Not Only In the 1600s

The Libyan slave trade that people have to deal with today

November 21, 2018

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Not Only In the 1600s

OnTheWorldMap.com

OnTheWorldMap.com

OnTheWorldMap.com

When you think of the words “slave trade,” you might not initially think that it still occurs today, but much to the shock of the whole world, this is a real, constant fear for many people emigrating from Northern Africa at this very moment.

From Libya’s capital city of Tripoli, a video has emerged in late December of 2017 from CNN reporters, showing two men being auctioned off for $800 as “farm laborers.” One man was identified as being an immigrant from Nigeria, much like many other people who have been captured and identified through investigations.

These Libyan smugglers take advantage of all these African migrants wishing to use the many ports in Libya to move up into Europe to flee conflicts in their home countries. Nigeria, being in a current state of conflict, is the main country that most of these immigrants are natively from. Often times, these people are kept in detention centers to be held and later deported back to their homes, due to new laws restricting the amount of boats allowed out to sea, created by the Libyan government. According to the Times online newspaper, it’s said there is anywhere between 400,000 to one million people in these centers and with so many waiting like sitting ducks, they’re defenseless against robbery, rape and murder.

CNN reporters have also recently traveled into Libya’s underground auctions with hidden cameras and shot film of everything first hand to see if their video they put out was legit or not. They visited one of the 9 confirmed locations for such auctions, but with more digging, some investigators have reason to believe that number to be much higher now.

After the publication of their article, the reporters said statements, pushing for the Libyan government to put an end to these auctions. The United Nations is backing up their government in a formal investigation, but with Libya in their own state of political unrest, getting to the bottom of these auctions is low on their to-do lists.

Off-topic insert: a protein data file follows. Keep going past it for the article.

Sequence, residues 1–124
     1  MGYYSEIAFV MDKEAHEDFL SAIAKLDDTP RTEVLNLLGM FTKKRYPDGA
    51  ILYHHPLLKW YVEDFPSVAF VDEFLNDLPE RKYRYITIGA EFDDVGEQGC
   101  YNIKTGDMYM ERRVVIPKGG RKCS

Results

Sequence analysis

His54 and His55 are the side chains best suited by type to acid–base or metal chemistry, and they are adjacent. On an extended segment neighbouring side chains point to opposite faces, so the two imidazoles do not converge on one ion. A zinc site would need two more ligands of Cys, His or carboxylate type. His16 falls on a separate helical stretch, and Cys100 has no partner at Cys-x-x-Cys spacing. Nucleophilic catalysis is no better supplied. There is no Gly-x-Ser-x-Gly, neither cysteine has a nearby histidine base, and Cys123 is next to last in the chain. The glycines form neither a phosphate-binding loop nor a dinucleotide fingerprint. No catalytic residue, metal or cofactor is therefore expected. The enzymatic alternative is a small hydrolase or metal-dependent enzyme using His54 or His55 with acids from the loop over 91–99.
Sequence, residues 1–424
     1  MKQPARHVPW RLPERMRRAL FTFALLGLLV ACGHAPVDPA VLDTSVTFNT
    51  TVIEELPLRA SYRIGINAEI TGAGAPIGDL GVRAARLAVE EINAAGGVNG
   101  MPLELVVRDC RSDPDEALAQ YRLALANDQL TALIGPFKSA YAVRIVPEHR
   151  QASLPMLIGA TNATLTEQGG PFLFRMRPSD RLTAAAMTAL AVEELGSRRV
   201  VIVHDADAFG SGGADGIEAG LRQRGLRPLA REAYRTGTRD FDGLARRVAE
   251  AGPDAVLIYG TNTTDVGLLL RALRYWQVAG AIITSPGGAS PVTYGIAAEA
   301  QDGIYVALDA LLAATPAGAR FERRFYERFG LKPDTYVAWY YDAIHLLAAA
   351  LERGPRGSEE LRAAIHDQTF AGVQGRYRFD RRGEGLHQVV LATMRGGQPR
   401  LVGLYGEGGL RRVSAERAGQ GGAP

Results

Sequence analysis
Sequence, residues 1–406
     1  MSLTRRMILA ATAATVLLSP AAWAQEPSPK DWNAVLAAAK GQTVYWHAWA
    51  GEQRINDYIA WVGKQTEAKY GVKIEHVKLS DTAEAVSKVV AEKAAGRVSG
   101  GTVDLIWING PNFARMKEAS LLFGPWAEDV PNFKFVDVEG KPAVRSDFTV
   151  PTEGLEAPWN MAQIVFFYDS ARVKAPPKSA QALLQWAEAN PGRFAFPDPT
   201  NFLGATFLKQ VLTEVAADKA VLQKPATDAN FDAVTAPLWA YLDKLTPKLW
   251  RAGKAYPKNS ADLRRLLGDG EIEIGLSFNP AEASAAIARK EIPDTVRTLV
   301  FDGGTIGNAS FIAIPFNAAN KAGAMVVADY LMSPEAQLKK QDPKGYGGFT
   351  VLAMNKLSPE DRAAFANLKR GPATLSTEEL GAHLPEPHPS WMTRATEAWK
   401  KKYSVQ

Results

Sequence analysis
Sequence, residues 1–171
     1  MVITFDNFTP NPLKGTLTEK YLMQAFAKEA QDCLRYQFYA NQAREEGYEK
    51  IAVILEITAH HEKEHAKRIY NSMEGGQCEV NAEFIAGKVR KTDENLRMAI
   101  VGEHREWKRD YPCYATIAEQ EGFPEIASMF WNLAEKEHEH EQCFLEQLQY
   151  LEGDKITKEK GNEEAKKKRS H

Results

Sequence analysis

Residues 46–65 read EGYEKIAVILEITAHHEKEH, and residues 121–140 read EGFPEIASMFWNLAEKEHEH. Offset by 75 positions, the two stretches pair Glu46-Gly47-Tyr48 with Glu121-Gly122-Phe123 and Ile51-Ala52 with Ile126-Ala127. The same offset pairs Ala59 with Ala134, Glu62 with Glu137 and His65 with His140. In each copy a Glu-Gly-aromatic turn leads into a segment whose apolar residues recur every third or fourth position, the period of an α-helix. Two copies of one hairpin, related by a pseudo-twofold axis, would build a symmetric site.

“There are few greater violations of human rights and human dignity than this.””

— Former U.S. Ambassador Nikki Haley

BACKGROUND:

The Libyan government had been ruled by Muammar Gaddafi for four decades, but whenever he was voted out in 2011, he was unable to pass on a structured rule of law to the whole country. This was what created the loopholes that smugglers used to legally be able to sell others into slavery.

One thing that has been done, though, is in December of 2017, a meeting of African and European leaders came to the compromise that they will undergo an emergency evacuation, and there has currently been over 15,000 people flown out of Libya into Europe.

Many protests across the globe have been organized in demand of an even greater change in the country. Protesters gathered around the Libyan embassies across globe in response to the articles release as well, but not much else has changed.

In the words of former United States Ambassador to the U.N, Nikki Haley, “there are few greater violations of human rights and human dignity than this.”

So, I ask anyone able to help, try your best to do your part.

WHAT YOU CAN DO:

One thing that you can do is be aware of the clothing brands you buy by doing some research. Certain brands have factories in Africa that might use slave labor to create their clothes or products, so don’t forget to check before buying new things at the mall.

Another thing you can do is not keep this hidden. Spread the word, make this known; nothing will change if it’s never talked about.

You can also file a paper and have it sent to government officials where you can talk about what you believe should be done at the link https://usun.state.gov/contact. This will take you to the official website to contact officials to voice your opinions. By doing so, it will show our government that people are still talking about this and it still needs to be fixed.

Being the kids from this small town in Butler County, we can make a difference, but only if we actually put forth effort to change these wrongs in the world we’re living in. So I ask, be aware and make a difference.

 

About the Writer
Emma Velesig, Layout Editor

My name is Emma Velesig. I am a coffee addict, confused for approximately 23 hours of the day, hungry ALL THE TIME  and this is my story.

Ever since...

1 Comment

One Response to “Not Only In the 1600s”

  1. MRS. NICKLES on December 12th, 2018 10:22

    Very informative article Emma!

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